Interoperability Drush vs. Drupal Console Lead image: Lead Image © iofoto,
Lead Image © iofoto,

Drush vs. Drupal Console

What's the Dif?

Let's take a stroll through the brave new world of Drupal 8, now with Drupal Console; lowering the learning curve for the newbie and the seasoned pro alike. By Jeremy Rasmussen

We have officially entered the world of Drupal 8. With it comes both the old and the new, and in the new category there is a fresh command-line tool for developers. It's called Drupal Console. There are a lot of questions about it, like the ones you just asked yourself: "What happened to Drush?" "Why do I need to switch to Drupal Console?"

Do not fret, I'm here to help. I'll explain the similarities and differences between the two. I'll also show you a few new things that Drupal Console brings to the table to improve your developer experience in the Drupal 8 era.

Drupal [1] is an open source content management system (CMS) that powers some of your favorite websites. Drush [2] and Drupal Console [3] are both command-line tools that interact with an existing Drupal installation or help you get one up and running. Both of these tools help developers increase their productivity by reducing the time it takes to do the same tasks without them. They are extensible with custom-written commands and personalization of configuration files. Beyond that, these two tools begin to diverge from each other ever so slightly.

The shift in Drupal 8 to the Symfony framework [4] has made things different, much different even to the veteran Drupal developer. Drupal Console is written with both the veteran and the new-to-Drupal developer in mind. Its primary purpose is to assist a developer's transition to the world of Drupal 8, and it is only intended to be used with Drupal 8 – mainly for development reasons, much less in the context of a production website.

What does this mean for Drush? Well, not too much. Drush still functions much like it always has, and is still deeply part of the Drupal ecosystem. In the areas that the two overlap, I would recommend using whichever one you are more comfortable with. But before you form an opinion let's get Drupal Console installed and take it for a spin.


Getting console installed is easy. If you have curl installed, you can get Drupal Console running with these three commands:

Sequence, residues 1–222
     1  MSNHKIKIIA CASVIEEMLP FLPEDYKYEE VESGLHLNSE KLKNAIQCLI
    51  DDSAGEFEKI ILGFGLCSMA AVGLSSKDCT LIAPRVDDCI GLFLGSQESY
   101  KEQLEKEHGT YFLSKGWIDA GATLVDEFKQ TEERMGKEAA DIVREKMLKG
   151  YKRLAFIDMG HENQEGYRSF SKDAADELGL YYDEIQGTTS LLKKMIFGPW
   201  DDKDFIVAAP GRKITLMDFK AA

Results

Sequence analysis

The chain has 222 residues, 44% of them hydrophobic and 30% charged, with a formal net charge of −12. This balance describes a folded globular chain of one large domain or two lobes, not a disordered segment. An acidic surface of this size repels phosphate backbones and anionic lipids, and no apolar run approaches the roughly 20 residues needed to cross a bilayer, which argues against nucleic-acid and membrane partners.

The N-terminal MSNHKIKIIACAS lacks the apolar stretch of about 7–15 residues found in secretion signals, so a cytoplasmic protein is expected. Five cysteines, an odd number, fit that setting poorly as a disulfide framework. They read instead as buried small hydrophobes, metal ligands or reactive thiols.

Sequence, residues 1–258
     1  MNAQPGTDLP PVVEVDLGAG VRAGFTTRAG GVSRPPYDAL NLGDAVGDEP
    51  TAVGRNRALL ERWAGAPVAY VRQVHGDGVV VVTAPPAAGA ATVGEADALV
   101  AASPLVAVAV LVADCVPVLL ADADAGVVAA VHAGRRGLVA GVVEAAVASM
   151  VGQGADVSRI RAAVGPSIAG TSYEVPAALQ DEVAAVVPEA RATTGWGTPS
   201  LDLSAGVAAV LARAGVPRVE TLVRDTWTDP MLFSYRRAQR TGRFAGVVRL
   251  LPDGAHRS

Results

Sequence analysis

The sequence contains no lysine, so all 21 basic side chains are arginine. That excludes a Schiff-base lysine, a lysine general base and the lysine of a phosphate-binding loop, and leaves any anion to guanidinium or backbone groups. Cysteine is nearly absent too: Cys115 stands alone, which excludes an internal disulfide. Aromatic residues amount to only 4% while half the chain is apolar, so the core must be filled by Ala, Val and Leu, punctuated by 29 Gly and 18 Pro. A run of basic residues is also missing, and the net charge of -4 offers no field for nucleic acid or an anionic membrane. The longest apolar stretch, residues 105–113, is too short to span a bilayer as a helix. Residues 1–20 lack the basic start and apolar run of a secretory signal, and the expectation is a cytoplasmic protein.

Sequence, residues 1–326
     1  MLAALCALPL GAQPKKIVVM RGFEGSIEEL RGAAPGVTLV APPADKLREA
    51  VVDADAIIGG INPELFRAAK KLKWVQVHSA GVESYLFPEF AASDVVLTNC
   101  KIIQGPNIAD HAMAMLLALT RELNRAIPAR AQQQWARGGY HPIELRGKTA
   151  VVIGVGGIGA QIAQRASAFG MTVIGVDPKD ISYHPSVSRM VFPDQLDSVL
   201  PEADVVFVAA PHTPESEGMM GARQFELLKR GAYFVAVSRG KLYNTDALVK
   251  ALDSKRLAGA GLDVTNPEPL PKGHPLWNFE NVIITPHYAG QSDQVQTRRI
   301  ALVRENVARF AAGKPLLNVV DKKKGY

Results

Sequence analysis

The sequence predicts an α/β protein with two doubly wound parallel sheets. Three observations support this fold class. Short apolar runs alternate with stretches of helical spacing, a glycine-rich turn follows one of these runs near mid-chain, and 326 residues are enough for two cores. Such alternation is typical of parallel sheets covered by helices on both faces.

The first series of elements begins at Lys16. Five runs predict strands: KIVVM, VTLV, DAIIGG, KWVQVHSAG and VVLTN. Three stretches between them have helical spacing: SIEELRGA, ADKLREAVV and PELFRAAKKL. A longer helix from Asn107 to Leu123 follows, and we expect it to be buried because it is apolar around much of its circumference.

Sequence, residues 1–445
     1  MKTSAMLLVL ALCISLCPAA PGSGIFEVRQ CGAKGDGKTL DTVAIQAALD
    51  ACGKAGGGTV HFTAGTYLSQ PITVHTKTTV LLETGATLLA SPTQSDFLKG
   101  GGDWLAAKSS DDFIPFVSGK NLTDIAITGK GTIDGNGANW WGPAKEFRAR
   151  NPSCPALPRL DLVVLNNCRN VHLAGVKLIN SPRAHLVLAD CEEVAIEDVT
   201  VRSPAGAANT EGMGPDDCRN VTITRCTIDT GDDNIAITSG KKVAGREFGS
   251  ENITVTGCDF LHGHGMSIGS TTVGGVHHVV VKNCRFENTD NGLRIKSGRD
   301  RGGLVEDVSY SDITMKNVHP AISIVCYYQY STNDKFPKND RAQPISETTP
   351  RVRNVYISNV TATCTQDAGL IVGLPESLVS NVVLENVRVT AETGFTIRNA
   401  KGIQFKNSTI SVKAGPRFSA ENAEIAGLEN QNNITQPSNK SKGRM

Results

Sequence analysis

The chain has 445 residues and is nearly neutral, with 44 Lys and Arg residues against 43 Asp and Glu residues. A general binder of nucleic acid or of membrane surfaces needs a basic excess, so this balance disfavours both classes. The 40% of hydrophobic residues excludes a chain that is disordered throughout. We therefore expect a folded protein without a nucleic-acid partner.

curl -L -o drupal.phar
mv drupal.phar /usr/local/bin/drupal
chmod +x /usr/local/bin/drupal

Once installed you can run the init command to load some basic configurations in your user's ~/.console folder. These configuration files will allow you to add a personal touch to your environment once you know how you want console to behave. For the purpose of this article, go ahead and run the init command now.

drupal init --override

Great, now you have a fully working version of Drupal Console. You can output a list of available commands at any time by running:

drupal list

You can also use the help command to get more information on the usage of any commands. For example you could ask for help like this:

drupal help site:install

Getting Started

Let's get to the fun stuff, shall we? You're going to need an active Drupal 8 site to work in. If you don't already have one installed, I recommend just using the built in Quick Start script that was provided when we ran the previous init command. Do it like this:

drupal chain --file=~/.console/chain/quick-start.yml

This command will download Drupal 8, launch a web server, and then install Drupal. Console will report back once your temporary site is ready to use.

Now that you have a working site lets try some of the commands. Similar to Drush, you can use Drupal Console to interact with a working Drupal site. You can download and install modules, get a database dump, even export and import configuration.

Just to get comfortable lets do something easy: We'll download the Devel module and install it. Make sure you are in the Drupal root folder and then run these two commands:

drupal module:download devel
drupal module:install devel

That's it!

Generate Command

Now for what I'm most excited about: the generate command. Generate will help you write a custom module by creating a starting point from boilerplate code. Think along the lines of "just add a Drupal drop of water" development. From the root of your working Drupal 8 site, run this command to begin the process of creating a new custom module:

drupal generate:module

Console will prompt you with several questions that will assist you in setting up the skeleton of this new module. It asks you for things like the module's name, description, path, and even your new module's dependencies. This "setup wizard" has smart defaults and in most cases you can just press enter all the way through. Once that's complete you're on your way to writing your module, unless of course you want a little more help. All you need to do is ask.

Much like the generate:module command, you can fire similar commands to help fortify your newly created module. For example, if your module needs to output a form, use the command drupal generate:form, and you'll be guided into setting up that structure in your module. Need some help creating a rule? Use drupal generate:plugin:rulesaction to get started. Generate helps you create pretty much anything: permissions, form alters, rules, field formatters, etc. Plus, it's not limited to just generating modules. You can create themes and install profiles as well.

Drupal Console is truly impressive. Kudos to the maintainers and contributors of this project. It provides a low entry point to the Drupal 8 learning curve. It gets a developer up and running much faster. Even after becoming proficient at writing modules or themes, it just makes sense to keep using a tool like this.

Less time doing redundant tasks and more time enjoying what the world of Drupal 8 has to offer!